Wireless technology in use for Outdoor Cam

I’m thinking this info is somewhere but I can’t seem to find it. I’m trying to find out what wireless technology is in use for the Outdoor Cam. I understand that the base station must be connected to your network via ethernet, but:

What frequencies are used to communicate to the cameras?
Is all traffic going from the camera to the base station or is the base station for management only, with actual data going over your Wi-Fi network?
Are the channels outside of normal 2.4 and 5 Ghz ranges?

I ask all of this because I have a fear. I’m hoping that the base station doesn’t “parrot” your home WiFi channels, similar to the way the enhanced remotes from Roku communicate back to those devices. In the case of Roku, that feature can wreak havoc on a home wifi setup. I disabled them to go all IR and many others have as well because it created so many problems. I have a nice, clean UniFi network and I’d like to keep it that way. :wink:

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I do know that all communication is from the cam to base station, the cam will not use your home WIFi.

According to the specs it is using 802.11 b/g/n which means it’s single channel over 2.4 Ghz and by FCC rules in the US, that would provide the typical channels options of 1-11.

On the AMA it was noted they decided to implement a base station to take the variables related to different wireless router implementations out of the mix. Which considering the lack of consistency in wi-fi “standard” implementations from one manufacturer to another (TP-Link, D-Link, etc, etc), was a very wyze and necessary design choice.


Kinda strange still if they use standard 11bgn but force you to use their base station, like what kind of problems they’ve faced on their existing devices and various hope wifis? I work on wifis myself, and I don’t see any good reason to use separate/extra base station unless it’s some low-power RF link to help battery life. I have big house so if I want cameras on both sides, do I now need to buy 2 base stations then? I already have 3 wifis for that reason.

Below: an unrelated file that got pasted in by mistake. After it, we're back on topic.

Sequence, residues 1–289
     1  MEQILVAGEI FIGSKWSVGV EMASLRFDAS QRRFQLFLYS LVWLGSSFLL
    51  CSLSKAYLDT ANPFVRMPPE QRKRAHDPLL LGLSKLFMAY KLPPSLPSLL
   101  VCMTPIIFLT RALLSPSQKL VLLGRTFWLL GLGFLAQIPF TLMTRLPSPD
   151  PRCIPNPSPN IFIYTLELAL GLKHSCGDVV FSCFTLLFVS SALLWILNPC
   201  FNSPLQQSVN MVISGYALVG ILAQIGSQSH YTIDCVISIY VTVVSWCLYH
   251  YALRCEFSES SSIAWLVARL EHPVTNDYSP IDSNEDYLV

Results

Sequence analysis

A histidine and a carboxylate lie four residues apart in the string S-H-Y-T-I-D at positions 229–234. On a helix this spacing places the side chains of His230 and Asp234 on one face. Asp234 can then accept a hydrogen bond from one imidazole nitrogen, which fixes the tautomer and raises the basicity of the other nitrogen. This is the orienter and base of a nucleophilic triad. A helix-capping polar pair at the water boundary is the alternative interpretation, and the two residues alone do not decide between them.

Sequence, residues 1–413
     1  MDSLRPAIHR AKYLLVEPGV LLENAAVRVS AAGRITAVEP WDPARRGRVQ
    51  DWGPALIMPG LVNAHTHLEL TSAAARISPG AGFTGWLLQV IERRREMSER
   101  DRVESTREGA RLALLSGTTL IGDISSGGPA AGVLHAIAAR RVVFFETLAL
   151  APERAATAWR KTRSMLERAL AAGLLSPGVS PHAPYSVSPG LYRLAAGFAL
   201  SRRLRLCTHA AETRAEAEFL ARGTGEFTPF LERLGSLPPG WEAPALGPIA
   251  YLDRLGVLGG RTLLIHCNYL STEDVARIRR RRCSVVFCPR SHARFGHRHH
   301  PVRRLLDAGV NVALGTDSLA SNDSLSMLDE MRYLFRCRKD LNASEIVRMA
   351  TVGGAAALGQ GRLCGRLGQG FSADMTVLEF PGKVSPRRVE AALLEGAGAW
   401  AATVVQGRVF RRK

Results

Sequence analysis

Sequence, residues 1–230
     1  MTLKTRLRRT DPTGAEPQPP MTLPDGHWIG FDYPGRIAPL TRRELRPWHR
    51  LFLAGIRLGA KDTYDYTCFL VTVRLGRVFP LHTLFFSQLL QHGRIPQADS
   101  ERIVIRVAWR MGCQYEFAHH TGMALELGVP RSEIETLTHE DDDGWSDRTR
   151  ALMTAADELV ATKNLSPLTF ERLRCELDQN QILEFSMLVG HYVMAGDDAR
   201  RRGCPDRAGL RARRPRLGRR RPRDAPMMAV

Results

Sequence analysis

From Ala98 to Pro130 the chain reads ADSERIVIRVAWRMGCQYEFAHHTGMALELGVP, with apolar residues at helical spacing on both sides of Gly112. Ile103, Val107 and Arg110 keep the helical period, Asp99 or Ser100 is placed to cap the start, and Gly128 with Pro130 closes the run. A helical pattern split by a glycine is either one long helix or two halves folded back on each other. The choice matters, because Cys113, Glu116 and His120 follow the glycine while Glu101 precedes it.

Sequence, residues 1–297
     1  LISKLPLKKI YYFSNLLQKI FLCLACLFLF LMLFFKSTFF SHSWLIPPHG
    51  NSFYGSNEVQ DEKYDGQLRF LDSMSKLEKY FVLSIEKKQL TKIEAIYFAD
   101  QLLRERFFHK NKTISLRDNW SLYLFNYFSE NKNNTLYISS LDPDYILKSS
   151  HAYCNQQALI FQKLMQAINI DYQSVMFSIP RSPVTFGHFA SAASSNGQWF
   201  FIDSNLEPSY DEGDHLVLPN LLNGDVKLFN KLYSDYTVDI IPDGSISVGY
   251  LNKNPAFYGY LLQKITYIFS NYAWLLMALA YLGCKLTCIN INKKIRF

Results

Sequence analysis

Wifi standard is pretty good anyway, way better than BT which is wild west.

That is exactly the reason for it

So it’s modified stack/protocol using .11 hw or what you mean? If it’s standard wifi traffic why wouldn’t it connect to normal wifi?

Also I’d much rather use current wifi and take battery life hit, than use the base station. Would be nice if they’d have that as an option. If I change SSID to same as the hotspot, would it connect to that?

I read elsewhere on this forum that the cameras can connect via standard 2.5 GHz WiFi but because of both connectivity issues due to the complexities inherent with the diverse array of available routers and types, as well as for reasons of battery life they decided to go with the base station approach. That they may allow direct WiFi connectivity in the future is implied.

Interesting, would be fun to know more details on that. And also to learn what they did with the base station to help battery life on the camera end.

I can think few items, especially if they modified the stack.
-use high gain antennas on the base station to ensure higher modulation and shorter transmission
-maybe use 80MHz BW on 2.4GHz (which is super rare on normal APs) to further reduce transmission time
-Reduce all overhead packaging from the standard, SGI and stuff, although this would be probably very minimal especially if the video is on UDP
-add BLE as the control (and voice) layer, basically same what they did on BT3.0+HS standard (although this might add on the bom-cost, depending which chipset they are using)
-use zigbee or other low-power signal for the control layer (although with BLE the impact is not worth the complexity, imho)